LA Chargers Fans: Let’s get real – Special teams
Few teams know better than the Chargers just how important special teams are to the success of an NFL club. Other NFL teams seemingly can throw their guys on the field and not have any concerns. Their placekicker makes field goals and kicks touchbacks. Their punter averages over 45 yards per kick with a fair-catch at the end. Their coverage teams always seem to be able to get down field before a long run back can be had. LA Chargers fans should know by now that there is no such thing as automatic, and special teams can certainly make the difference between a win and a loss.
Let’s get real about the Chargers special teams.
It has been a long time since the Chargers were solid at kicker. Nate Kaeding was a very good regular season kicker, but was unable to perform consistently in the postseason. Who can forget those brutal losses to the Jets?
Unfortunately, the need to replace Kaeding has been a more difficult task than one might imagine. After all, there are only 32 active kickers in the NFL at any one time. You would think that there would be quality replacements lined up around the block when a kicker struggles to perform. The Chargers have not had much success finding the diamonds in the rough.
In all fairness, when the San Diego Chargers signed kicker Nick Novak in 2011, it looked like he might be the guy they were looking for. He got off to a rocky start, but in 2012 and 2013 he was excellent. He averaged over 90% on his field goal attempts and was 100% on extra points. He dipped to 84.6% in 2013 and was unable to get his kickoffs into the end-zone. It was time to move on from Novak.
The Chargers thought they found their guy in Josh Lambo. Well, they were wrong. In his two years with the Chargers he averaged 81.3%. That would have been great back in the Air Coryell days, but not in the modern-day NFL.
In walks internet sensation Younghoe Koo. Fans had high hopes for Koo. In Week 1 of the 2017 season, it looked like Koo had what it takes to be a successful NFL kicker. He knocked through a 40+ yard field goal to tie the game at the end of regulation against the hated Denver Broncos. The only problem was that Denver had called a timeout to ice the young kicker. He had to repeat the performance and was unable to do so. His kick was blocked and the Chargers lost, once again in agonizing fashion. Some fans blamed Koo. Others blamed the front line. Everyone hoped it was not a sign of things to come.
Well, Week 2 rolls around and Koo has another chance to be the hero. He lines up another makeable field goal, this time to win the game against the Dolphins. It was not to be as Koo missed this one on his own, without being iced. That was about it for Koo in the fans’ eyes.
Koo played a couple more weeks and was adequate. No long field goals, but no misses either. After Week 4, he was let go and Nick Novak was brought back to the Bolts. Koo ended his career, at least with the Chargers, as a 50% field goal kicker.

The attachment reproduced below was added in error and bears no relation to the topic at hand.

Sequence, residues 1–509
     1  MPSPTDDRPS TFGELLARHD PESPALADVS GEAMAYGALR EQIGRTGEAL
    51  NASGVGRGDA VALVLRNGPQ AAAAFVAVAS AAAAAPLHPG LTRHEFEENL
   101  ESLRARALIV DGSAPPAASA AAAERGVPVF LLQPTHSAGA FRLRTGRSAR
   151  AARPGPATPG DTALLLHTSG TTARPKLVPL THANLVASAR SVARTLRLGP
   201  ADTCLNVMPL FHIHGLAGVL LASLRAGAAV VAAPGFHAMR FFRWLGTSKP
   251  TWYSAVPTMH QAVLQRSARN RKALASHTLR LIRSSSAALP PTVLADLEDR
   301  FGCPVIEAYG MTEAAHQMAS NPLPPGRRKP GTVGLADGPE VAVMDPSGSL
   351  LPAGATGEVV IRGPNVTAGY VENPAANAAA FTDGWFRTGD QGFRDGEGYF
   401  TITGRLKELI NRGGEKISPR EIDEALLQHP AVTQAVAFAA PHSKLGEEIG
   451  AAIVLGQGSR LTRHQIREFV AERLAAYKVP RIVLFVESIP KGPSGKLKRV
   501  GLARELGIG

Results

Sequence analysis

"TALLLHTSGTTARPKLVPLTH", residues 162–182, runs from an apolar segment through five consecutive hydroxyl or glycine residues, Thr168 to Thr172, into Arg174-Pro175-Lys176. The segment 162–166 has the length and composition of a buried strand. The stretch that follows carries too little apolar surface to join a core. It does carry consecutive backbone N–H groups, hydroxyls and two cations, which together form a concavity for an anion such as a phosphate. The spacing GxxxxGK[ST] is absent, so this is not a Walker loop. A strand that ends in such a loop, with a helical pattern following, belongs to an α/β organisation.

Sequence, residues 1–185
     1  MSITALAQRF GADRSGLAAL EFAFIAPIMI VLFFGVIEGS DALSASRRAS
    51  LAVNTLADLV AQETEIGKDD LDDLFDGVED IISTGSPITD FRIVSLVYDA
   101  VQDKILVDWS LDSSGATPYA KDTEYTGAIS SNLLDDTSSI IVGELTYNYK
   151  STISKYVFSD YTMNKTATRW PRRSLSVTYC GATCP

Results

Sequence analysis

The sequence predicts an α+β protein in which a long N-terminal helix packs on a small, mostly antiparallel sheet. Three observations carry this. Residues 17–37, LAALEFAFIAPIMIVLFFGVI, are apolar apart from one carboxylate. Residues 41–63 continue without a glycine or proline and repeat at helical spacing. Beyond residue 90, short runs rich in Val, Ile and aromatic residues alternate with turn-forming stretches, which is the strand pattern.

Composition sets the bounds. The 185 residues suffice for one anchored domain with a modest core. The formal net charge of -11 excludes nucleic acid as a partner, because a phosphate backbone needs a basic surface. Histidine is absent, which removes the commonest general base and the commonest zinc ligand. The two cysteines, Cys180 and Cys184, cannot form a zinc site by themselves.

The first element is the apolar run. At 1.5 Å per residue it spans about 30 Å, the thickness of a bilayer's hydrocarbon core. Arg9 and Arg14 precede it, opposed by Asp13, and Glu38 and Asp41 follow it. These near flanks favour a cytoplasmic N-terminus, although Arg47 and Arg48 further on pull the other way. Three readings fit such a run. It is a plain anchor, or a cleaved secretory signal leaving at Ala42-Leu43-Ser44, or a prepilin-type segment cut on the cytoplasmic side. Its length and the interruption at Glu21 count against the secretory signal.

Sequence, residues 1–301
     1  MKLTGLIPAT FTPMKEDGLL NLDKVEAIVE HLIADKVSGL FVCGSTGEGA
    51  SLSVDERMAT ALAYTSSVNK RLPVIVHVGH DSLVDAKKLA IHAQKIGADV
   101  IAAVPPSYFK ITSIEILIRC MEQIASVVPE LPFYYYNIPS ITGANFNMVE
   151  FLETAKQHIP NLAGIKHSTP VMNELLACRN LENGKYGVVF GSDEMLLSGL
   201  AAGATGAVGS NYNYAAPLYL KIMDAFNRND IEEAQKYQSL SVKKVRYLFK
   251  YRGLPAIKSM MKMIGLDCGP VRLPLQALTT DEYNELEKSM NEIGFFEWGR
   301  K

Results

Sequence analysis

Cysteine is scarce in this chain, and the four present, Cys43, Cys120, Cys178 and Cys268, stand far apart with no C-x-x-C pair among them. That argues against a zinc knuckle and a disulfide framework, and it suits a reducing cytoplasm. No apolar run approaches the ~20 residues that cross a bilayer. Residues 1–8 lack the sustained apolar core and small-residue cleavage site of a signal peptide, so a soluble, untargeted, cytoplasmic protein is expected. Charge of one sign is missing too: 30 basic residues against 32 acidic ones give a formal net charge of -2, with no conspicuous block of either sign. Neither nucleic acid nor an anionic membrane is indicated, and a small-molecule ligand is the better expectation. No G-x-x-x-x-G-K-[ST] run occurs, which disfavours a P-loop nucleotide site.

After just two games, Novak has only had four field goal attempts. He has made three, all under 40 yards. He has made all of his extra point attempts, but did knock one against the upright before going through. Although most Chargers fans were begging Tom Telesco to bring Novak in, there is widespread concern that Novak no longer has the leg to get the job done.
Nowhere does that concern show it’s ugly face more than with kickoffs. Novak consistently kicks short and gives his opponent the chance to make a return. He just simply does not have the leg strength to kick the ball deep into the end-zone and force touch-backs. That inability has allowed opponents to return kicks in key situations and start drives at their own 35 or 40 yard line, instead of the 25. That is a significant problem.
On the bright side, punter Drew Kaser is turning into a solid NFL punter. He is currently ranked 13th in the NFL. He is averaging 49.9 yards per punt (gross). That is 5th in the league. His numbers go down a little bit when you look at his net yards per kick. Kaser is only averaging 41 yards per punt, when you factor in his net yards.That puts Kaser at 18th in the league. When the punts are returned, the enemy is averaging 12.5 yards per punt (15th). Is Kaser out-kicking his coverage? Are his teammates not doing their job correctly? Should Kaser try for more height on his punts, in order to help his teammates get down field in time to make a play? It’s probably a little bit of all of those factors.
Kick return has been very poor. Ranked at 29th in the league, the Chargers average 18.9 yards per kick return and their long is only 25 yards. They have yet to find the one guy who has the skills to make people miss, read the field, and hit the holes that are there for the taking. Darren Sproles has definitely left the building.
Then there is punt return. The Chargers average a measly 6.3 yards per punt return. Only eight teams in the league are worse. The longest punt return this season was a respectable, if not impressive, 23 yards (17th in the league).
As in recent years, the Chargers have put the excitement back into special teams. Kickoffs and field goals are most “exciting”. After each field goal try that goes through the uprights, you can hear the collective exhale throughout Charger Country. Before each kickoff, prayers can be heard from fans all around, asking God to provide just enough power in Novak’s leg to kick the ball into, if not through, the end zone…..like other teams seem to do with ease.
Special teams is certainly not a strength for the Bolts. Time will tell if it will be their Achilles Heel.